- difference node (check the if two values are different)

- disturber node (insert random / missing values to determine fault tolerance)

Test Driven programming is a style or approach to programming where the tests are written before the functional code. Like very concrete specifications. It is easy to estimate how much time is left since you can automatically see how many of the tests have been passed. You and your collaborators are clear on the utility of the system.

- shapeAnalysis must give an anisotropy of 0 when we input a sphere
- shapeAnalysis must give the center of volume within 0.5 pixels
- shapeAnalysis must run on a 1000x1000 image in 30 seconds

- Borrowed from http://peekaboo-vision.blogspot.ch/2013/01/machine-learning-cheat-sheet-for-scikit.html

- Classification
- Regression
- Clustering
- Dimensionality Reduction

Basically all of these are ultimately functions which map inputs to outputs.

The input could be

- an image
- a point
- a feature vector
- or a multidimensional tensor

The output is

- a value (regression)
- a classification (classification)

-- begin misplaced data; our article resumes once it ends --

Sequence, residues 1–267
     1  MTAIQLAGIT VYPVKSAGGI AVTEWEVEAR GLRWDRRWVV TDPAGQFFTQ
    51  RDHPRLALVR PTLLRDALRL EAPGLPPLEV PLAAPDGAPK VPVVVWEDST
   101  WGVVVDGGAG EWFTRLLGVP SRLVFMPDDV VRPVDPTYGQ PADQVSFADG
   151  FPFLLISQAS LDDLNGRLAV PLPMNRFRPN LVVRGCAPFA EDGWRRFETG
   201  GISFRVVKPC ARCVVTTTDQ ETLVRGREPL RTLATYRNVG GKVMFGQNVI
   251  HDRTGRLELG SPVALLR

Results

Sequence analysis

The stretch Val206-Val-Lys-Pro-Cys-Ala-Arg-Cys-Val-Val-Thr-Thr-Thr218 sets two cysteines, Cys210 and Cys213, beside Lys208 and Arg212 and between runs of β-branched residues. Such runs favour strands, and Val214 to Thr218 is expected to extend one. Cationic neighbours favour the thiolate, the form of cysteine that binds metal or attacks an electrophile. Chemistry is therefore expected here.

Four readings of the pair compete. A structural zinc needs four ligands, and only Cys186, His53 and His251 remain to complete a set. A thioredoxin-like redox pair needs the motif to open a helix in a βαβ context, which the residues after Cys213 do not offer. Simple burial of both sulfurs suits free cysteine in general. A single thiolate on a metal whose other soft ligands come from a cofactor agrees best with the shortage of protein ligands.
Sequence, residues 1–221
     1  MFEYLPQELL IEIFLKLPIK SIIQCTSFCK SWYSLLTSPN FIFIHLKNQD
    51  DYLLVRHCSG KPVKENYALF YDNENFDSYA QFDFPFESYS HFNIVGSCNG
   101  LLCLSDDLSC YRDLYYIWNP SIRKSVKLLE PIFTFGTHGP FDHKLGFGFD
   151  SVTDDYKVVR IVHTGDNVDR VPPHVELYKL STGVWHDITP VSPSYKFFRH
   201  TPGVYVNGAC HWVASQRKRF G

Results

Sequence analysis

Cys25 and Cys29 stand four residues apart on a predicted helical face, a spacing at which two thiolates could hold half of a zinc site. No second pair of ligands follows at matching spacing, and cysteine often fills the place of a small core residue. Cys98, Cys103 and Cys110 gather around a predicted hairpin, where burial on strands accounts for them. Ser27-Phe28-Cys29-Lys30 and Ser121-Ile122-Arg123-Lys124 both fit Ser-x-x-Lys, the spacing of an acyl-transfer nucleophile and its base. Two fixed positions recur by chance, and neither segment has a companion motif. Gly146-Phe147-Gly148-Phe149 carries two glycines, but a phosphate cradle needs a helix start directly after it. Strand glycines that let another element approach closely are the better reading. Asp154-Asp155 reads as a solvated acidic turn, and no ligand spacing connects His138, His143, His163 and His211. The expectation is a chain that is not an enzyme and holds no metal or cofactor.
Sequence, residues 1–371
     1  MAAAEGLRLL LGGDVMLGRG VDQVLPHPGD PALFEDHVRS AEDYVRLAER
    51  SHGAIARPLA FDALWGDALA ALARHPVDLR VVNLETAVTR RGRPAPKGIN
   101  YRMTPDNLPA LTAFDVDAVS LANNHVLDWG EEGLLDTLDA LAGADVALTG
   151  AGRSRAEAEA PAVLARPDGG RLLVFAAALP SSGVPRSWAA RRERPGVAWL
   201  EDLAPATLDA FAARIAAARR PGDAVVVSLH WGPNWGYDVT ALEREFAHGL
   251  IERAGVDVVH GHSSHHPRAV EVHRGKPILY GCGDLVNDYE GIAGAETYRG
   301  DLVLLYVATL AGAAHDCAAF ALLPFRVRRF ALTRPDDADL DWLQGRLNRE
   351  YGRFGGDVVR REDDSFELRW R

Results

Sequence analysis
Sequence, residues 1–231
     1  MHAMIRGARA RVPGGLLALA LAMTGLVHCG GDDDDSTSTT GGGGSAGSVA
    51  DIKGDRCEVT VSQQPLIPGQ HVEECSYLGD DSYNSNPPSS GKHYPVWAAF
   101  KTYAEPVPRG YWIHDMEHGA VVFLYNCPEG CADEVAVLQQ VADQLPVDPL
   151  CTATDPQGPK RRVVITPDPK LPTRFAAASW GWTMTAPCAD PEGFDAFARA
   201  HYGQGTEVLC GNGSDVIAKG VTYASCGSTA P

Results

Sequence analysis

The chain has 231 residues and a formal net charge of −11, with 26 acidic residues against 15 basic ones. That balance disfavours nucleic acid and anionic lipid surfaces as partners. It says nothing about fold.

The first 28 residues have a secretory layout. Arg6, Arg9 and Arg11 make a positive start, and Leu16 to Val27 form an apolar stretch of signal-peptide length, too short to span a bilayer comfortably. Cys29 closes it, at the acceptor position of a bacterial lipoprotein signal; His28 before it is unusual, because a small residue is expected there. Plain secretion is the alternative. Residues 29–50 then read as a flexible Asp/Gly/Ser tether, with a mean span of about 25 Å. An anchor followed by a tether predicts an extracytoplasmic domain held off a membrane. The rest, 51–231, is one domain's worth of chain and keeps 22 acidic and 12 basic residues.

- a group (clustering)
- a vector / matrix / tensor with
*fewer*degrees of input / less noise as the original data (dimensionality reduction)

The most serious problem with machine learning and such approachs is overfitting your model to your data. Particularly as models get increasingly complex (random forest, neural networks, deep learning, …), it becomes more and more difficult to apply common sense or even understand exactly what a model is doing and why a given answer is produced.

```
magic_classifier = {}
# training
magic_classifier['Dog'] = 'Animal'
magic_classifier['Bob'] = 'Person'
magic_classifier['Fish'] = 'Animal'
```

Now use this classifier, on the training data it works really well

```
magic_classifier['Dog'] == 'Animal' # true, 1/1 so far!
magic_classifier['Bob'] == 'Person' # true, 2/2 still perfect!
magic_classifier['Fish'] == 'Animal' # true, 3/3, wow!
```

On new data it doesn’t work at all, it doesn’t even execute.

```
magic_classifier['Octopus'] == 'Animal' # exception?! but it was working so well
magic_classifier['Dan'] == 'Person' # exception?!
```

The above example appeared to be a perfect trainer for mapping names to animals or people, but it just memorized the inputs and reproduced them at the output and so didn’t actually learn anything, it just copied.